Why does the State of Israel observe the Jewish national day of mourning called Tisha’bAv every year?

Why does the State of Israel and the Jewish people all over the world, continue to observe the National Day of Mourning Tisha B’Av, which commemorates the destruction of the two temples and the Jewish peoples’ two  previous exiles from the land of Israel, when we now have a sovereign Jewish State in the land of Israel? Today happens to be Tisha B’Av, (the ninth day of the Hebrew month of Av) and while normally I commemrate this day outside of the modern State of Israel, this year I am fortunate to be spending it in Jerusalem, Israel. In fact, I can tell you that this is no minor holiday,either in the diaspora or in Israel. Traditionally, the day decrees a full day of fasting and prayer that Jews have observed since the destruction of the First Temple (2500 years). In Israel and increasingly in the diaspora as well, there are not only synagogue rituals and readings but also public gatherings in synagogues, in Jewish institutions and parks, including talks and film screenings relevant to the subject. In Jerusalem, a film festival was dedicated to this theme at Beit Avichai in Jerusalem which I attended called “The Earth Trembles”. Contemporary Israeli films on contemporary social and political subjects were screened in the presenceof the producers and actors.

Recently Mahmoud Abbas made a speech announcing to the world that Israel has no indigenous rights in the Middle East, his Palestinian version of reality is based on a premise of left wing ideology, namely, that Jews in Israel have been and are part of a pattern of “settler colonialism”.  

  • Abbas: “The Egyptian thinker Abd al-Wahab al-Masri described the Zionist entity in this way: ‘The goal of Israel’s creation is to establish a colonial state that has no connection to Judaism’ – that is, it exploits the Jews to its end.”

Why is this significant? I quote from the article Palestinian Settler-Colonialism published by the Besa Center. 

  • One of the mainstays of the modern university is the idea of settler-colonialism. This argues that certain societies are birthed by settlers implanted in a foreign territory, either directly by or with the consent of an imperial power. These colonists then dominate and eradicate the indigenous population.  They develop bellicose cultures that eliminate the natives from historical, literary, and other narratives. Primary examples often cited are the US, Canada, Australia and New Zealand, South Africa and Israel.
  • Among the many concepts abused and perverted by the Palestinians, such as “settler clonialism”, “apartheid” accusations of Israeli “genocide” rank the highest for blatant audacity, and for twinned calumny and odiousness.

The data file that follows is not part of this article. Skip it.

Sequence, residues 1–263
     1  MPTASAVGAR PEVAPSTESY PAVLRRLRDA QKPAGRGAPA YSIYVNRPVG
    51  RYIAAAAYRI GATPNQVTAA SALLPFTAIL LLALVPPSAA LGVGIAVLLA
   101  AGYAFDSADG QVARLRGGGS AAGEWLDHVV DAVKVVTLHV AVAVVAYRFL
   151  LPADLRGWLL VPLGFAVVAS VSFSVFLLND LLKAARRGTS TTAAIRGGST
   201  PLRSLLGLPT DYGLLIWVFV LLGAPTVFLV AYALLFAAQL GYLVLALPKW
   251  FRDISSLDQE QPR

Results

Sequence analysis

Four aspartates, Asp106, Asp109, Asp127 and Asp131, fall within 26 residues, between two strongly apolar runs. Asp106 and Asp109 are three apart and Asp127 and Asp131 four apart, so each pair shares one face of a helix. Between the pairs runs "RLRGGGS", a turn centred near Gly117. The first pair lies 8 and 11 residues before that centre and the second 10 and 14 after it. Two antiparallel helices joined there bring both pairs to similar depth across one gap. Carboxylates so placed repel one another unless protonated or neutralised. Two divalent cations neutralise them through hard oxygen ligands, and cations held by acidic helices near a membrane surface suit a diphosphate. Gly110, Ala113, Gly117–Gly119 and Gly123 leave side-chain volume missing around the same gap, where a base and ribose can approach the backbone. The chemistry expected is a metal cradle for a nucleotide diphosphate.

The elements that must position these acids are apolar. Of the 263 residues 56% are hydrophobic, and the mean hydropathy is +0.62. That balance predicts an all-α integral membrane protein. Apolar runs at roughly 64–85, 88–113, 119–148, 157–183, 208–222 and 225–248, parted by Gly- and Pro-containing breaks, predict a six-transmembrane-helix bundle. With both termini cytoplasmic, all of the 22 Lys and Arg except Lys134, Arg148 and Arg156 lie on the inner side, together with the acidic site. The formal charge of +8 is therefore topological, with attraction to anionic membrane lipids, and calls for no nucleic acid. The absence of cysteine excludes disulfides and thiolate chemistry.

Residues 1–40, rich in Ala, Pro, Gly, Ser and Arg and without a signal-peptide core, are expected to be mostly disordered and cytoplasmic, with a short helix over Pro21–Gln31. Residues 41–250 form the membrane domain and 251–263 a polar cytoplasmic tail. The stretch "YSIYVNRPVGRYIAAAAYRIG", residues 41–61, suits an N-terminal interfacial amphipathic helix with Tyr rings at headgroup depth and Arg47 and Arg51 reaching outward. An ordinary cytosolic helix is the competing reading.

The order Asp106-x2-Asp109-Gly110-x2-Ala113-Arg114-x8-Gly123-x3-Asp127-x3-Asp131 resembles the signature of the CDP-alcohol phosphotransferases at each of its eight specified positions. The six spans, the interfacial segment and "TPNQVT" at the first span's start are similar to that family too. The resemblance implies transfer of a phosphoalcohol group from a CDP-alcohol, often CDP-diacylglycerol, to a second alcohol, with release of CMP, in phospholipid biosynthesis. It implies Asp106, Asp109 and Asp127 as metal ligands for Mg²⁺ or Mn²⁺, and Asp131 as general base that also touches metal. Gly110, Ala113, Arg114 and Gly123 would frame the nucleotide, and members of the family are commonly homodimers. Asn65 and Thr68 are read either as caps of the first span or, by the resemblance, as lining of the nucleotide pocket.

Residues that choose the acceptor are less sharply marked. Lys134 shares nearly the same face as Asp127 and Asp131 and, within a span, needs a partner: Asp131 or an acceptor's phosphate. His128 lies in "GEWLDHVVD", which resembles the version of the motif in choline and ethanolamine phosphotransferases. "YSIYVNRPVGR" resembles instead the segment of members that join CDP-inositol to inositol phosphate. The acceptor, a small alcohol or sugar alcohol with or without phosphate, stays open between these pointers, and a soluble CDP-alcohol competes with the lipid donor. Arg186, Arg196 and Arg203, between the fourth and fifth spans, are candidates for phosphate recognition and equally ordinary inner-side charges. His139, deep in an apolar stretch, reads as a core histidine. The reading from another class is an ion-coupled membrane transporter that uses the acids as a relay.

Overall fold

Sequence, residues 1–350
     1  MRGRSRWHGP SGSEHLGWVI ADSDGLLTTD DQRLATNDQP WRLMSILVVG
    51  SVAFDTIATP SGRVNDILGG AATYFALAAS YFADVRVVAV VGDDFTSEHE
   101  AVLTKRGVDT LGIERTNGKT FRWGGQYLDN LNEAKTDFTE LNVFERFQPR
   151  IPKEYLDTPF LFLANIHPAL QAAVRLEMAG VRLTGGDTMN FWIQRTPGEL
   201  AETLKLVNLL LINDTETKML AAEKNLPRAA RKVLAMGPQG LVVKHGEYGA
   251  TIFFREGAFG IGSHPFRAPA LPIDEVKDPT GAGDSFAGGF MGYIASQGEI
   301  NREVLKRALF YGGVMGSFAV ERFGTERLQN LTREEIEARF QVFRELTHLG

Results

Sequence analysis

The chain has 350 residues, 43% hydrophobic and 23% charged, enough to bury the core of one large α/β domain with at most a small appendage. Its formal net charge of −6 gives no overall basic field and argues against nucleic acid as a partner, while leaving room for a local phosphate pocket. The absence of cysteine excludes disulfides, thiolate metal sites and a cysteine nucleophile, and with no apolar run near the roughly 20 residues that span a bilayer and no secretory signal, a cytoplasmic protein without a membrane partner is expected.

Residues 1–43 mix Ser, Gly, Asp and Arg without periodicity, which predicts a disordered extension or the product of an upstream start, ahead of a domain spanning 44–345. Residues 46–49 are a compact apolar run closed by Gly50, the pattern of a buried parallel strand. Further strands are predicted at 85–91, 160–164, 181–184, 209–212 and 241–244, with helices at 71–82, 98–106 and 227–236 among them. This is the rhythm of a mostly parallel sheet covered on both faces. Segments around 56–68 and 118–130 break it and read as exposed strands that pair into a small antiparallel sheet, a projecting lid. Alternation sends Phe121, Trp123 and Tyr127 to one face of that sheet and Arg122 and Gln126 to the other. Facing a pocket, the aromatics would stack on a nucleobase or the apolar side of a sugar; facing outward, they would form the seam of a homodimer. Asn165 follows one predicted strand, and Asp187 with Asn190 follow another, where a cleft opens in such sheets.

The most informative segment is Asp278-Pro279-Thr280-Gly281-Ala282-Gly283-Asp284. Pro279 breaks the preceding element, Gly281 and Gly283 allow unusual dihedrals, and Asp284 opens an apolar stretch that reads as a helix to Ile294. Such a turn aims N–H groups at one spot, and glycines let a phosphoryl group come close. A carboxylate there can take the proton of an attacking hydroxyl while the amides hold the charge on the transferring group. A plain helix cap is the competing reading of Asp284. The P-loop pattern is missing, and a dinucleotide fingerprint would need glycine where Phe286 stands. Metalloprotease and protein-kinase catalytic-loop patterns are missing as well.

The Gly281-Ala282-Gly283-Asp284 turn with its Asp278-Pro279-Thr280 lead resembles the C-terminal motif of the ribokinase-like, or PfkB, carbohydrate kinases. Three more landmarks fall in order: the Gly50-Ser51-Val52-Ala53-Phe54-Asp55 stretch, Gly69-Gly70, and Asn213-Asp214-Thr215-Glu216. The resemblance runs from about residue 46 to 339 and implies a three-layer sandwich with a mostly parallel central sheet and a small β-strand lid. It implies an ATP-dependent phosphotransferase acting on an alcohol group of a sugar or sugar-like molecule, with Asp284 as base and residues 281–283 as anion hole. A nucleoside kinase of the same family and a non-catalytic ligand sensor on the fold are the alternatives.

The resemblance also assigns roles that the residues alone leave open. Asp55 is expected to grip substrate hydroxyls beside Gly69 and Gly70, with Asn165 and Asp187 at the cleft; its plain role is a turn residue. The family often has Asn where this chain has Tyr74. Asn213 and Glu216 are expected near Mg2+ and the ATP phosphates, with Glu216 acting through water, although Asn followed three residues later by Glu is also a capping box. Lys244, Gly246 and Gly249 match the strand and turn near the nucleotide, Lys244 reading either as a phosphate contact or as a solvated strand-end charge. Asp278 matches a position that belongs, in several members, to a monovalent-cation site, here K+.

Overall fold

The observance of Tisha b’Av, a Jewish day of mourning or the last 2500 years is an elegant rebuttal to this argument. the second destruction of the Hebrew Temple in Jerusalem, occurred in 70 AD, 500 years before the birth of Mohammad and 2000 years before the modern university idea of “settler colonialism” was argued.

Ben Gurion the pioneer settler and first Prime Minister of the State of Israel that was declared following the UN vote regarding the establishment of the State of israel  expresses these ideas elegantly.

  • Ben-Gurion: “From a Jewish standpoint Zionism is not just a flight from persecution and restrictive laws, but primarily love of a homeland and a vision of the rise of a nation-state. Our Zionism is composed of a national ideology, a feeling of love for the land, an aspiration to political independence. And of a desire and a need to settle in the Land of Israel. Take away from Zionism the hundreds-years-long love for the ancestral homeland, take away from Zionism the political aspiration to independence – and Zionism is emptied of its content” (Bama’archa, vol. 2, p. 48).
  • Ben-Gurion: “Our right to the Land of Israel does not stem from the Mandate and the Balfour Declaration. It precedes those. The Bible is our mandate… I can state in the name of the Jewish People: The Bible is our mandate, the Bible that was written by us in our Hebrew language, and in this land itself, is our mandate. Our historical right has existed since our beginnings as the Jewish People, and the Balfour Declaration and the Mandate recognize and confirm that right” (testimony to the Peel Royal Commission, January 1937, Bama’archa, vol. 1, pp. 77-78).
  • “A homeland is not given as a gift and is not acquired by means of political rights and contracts. It is not purchased with gold and is not conquered by force, but is built with sweat. This homeland is a historical creation and a collective endeavor of a people, the fruit of its physical, spiritual, and moral labor down through the generations. … The Land of Israel will be ours not when the Turks, the English, or the next peace conference agrees to it, and it is undersigned in a diplomatic treaty – but when we, the Jews, build it. We will not attain the real, true, and lasting right to the land from others, but from our labor. For the Land of Israel to be ours, we must build it; the mission of our revival movement is the building of the land” (New York, September 1915, Mema’amad Le’am, p. 10).
     
Author: Abigail Hirsch, MSW, filmmaker, blogger, journalist, citizen of the world